A man walks past a row of General Motors vehicles at a Chevrolet dealership on Woodward Avenue in Detroit, Michigan GM has said it is protected from liability for claims related to incidents that occurred before it exited bankruptcy in 2009, and has taken steps to raise those issues with the court by filing motions to stay recall-related lawsuits while it asks that bankruptcy court to clarify the extent of that protection. In a filing with the U.S. District Court for the Southern District of Texas on Tuesday, GM asked for a stay on litigation related to ignition claims until a judicial panel on multidistrict litigation decides on a motion to consolidate the case with other lawsuits and the bankruptcy court rules on whether the claims violate GM's 2009 bankruptcy sale order. The company earlier filed a similar motion with the U.S. District Court for the Northern District of California seeking a stay on pending litigation. The defect has been linked to the deaths of at least 13 people and the recall of 2.6 million GM vehicles.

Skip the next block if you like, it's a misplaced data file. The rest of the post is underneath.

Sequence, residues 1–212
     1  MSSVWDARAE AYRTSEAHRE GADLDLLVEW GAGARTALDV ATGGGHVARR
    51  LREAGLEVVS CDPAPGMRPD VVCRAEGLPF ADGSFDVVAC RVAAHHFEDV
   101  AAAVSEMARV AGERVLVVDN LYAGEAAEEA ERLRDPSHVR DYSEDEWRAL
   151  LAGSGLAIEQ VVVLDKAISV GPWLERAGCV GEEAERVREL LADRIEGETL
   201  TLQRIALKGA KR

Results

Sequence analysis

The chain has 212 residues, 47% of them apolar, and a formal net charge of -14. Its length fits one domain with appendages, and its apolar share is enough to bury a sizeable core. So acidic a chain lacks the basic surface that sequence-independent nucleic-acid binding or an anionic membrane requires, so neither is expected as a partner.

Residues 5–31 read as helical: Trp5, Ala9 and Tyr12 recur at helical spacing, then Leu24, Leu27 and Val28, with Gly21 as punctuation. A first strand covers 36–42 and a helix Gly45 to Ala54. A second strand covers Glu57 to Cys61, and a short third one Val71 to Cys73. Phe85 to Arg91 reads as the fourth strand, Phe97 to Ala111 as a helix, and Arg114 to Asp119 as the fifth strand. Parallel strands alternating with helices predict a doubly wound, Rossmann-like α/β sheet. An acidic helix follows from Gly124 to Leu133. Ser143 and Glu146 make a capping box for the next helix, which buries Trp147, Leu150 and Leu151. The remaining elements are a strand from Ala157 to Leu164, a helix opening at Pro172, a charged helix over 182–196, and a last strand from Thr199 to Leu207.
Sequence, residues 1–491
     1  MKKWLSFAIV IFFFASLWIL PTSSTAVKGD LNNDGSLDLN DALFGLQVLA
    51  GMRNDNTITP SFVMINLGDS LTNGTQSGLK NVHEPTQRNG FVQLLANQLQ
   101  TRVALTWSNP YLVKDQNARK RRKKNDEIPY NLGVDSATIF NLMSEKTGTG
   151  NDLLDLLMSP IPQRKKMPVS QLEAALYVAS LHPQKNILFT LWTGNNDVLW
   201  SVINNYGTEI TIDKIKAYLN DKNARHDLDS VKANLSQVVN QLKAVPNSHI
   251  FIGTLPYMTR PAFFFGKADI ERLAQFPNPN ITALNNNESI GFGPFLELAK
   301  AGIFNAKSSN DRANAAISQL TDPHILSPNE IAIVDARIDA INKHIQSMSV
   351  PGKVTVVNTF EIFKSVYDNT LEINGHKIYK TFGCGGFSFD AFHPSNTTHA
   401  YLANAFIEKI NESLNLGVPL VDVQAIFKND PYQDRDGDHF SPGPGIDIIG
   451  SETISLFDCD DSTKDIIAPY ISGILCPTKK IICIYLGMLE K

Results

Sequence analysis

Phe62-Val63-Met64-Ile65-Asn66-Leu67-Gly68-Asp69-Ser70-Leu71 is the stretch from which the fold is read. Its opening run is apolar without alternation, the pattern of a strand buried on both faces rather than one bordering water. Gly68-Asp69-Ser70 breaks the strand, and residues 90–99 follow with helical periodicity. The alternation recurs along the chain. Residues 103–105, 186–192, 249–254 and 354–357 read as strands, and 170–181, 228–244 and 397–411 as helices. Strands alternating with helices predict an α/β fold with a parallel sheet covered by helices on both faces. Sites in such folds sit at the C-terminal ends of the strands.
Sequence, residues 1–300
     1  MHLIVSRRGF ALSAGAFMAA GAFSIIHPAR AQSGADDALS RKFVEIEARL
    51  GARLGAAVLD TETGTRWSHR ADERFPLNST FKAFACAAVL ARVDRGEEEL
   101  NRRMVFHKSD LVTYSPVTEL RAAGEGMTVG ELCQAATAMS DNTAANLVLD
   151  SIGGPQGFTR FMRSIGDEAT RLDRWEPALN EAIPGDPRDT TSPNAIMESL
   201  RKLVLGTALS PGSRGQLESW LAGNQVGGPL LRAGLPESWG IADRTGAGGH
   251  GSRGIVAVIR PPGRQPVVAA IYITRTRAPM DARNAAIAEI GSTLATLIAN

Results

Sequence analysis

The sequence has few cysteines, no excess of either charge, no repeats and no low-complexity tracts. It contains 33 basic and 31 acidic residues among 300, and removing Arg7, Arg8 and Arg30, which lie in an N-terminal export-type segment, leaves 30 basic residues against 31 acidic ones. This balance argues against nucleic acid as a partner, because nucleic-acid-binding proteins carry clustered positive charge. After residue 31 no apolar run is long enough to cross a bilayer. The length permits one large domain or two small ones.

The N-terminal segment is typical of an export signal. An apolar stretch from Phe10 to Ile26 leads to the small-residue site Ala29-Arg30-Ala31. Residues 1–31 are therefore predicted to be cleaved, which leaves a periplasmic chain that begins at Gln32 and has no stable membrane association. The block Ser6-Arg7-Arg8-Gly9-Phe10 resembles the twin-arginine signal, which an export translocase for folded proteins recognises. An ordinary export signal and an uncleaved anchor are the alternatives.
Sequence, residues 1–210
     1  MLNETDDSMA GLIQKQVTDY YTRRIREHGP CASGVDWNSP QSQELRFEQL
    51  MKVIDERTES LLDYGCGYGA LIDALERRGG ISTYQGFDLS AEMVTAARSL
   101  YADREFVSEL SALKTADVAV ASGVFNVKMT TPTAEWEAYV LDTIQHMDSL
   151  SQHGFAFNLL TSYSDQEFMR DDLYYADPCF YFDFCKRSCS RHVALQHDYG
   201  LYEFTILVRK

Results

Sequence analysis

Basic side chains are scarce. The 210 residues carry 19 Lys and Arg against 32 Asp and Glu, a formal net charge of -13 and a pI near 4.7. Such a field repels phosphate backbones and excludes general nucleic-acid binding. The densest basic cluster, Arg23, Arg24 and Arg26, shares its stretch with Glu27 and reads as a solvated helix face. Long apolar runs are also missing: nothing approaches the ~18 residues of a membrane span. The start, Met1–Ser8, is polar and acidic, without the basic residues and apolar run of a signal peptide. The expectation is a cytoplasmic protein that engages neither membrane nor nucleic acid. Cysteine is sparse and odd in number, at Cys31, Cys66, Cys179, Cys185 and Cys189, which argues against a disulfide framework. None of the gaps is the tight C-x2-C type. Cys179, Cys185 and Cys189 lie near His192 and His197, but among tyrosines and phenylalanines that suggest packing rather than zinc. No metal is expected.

The Democratizing Power of Crowdfunding and the JOBS Act

The Democratizing Power of Crowdfunding and the JOBS Act While the democratizing power of crowdfunding will certainly help the next generation of founders, the benefits of greater market freedom will reach well beyond company founders.


On the Meaning of Entrepreneurship

On the Meaning of Entrepreneurship The path to starting and scaling a venture-backed business is defined by a series of hurdles and gateways that become more challenging as you move through each one.


Hot models at this year's New York Auto Show